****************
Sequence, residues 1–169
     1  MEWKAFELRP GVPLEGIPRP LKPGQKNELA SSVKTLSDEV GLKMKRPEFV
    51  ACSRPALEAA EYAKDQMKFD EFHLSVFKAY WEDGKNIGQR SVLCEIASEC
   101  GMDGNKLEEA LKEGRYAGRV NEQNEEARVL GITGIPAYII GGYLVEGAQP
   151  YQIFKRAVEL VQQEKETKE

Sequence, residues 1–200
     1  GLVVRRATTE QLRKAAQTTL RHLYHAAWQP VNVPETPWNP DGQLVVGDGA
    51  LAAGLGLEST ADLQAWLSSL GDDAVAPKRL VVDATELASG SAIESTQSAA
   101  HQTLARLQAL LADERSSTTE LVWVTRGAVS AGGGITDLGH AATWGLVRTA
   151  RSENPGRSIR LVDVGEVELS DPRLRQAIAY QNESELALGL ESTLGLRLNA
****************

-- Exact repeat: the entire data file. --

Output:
Sequence, residues 1–169
     1  MEWKAFELRP GVPLEGIPRP LKPGQKNELA SSVKTLSDEV GLKMKRPEFV
    51  ACSRPALEAA EYAKDQMKFD EFHLSVFKAY WEDGKNIGQR SVLCEIASEC
   101  GMDGNKLEEA LKEGRYAGRV NEQNEEARVL GITGIPAYII GGYLVEGAQP
   151  YQIFKRAVEL VQQEKETKE

Sequence, residues 1–200
     1  GLVVRRATTE QLRKAAQTTL RHLYHAAWQP VNVPETPWNP DGQLVVGDGA
    51  LAAGLGLEST ADLQAWLSSL GDDAVAPKRL VVDATELASG SAIESTQSAA
   101  HQTLARLQAL LADERSSTTE LVWVTRGAVS AGGGITDLGH AATWGLVRTA
   151  RSENPGRSIR LVDVGEVELS DPRLRQAIAY QNESELALGL ESTLGLRLNA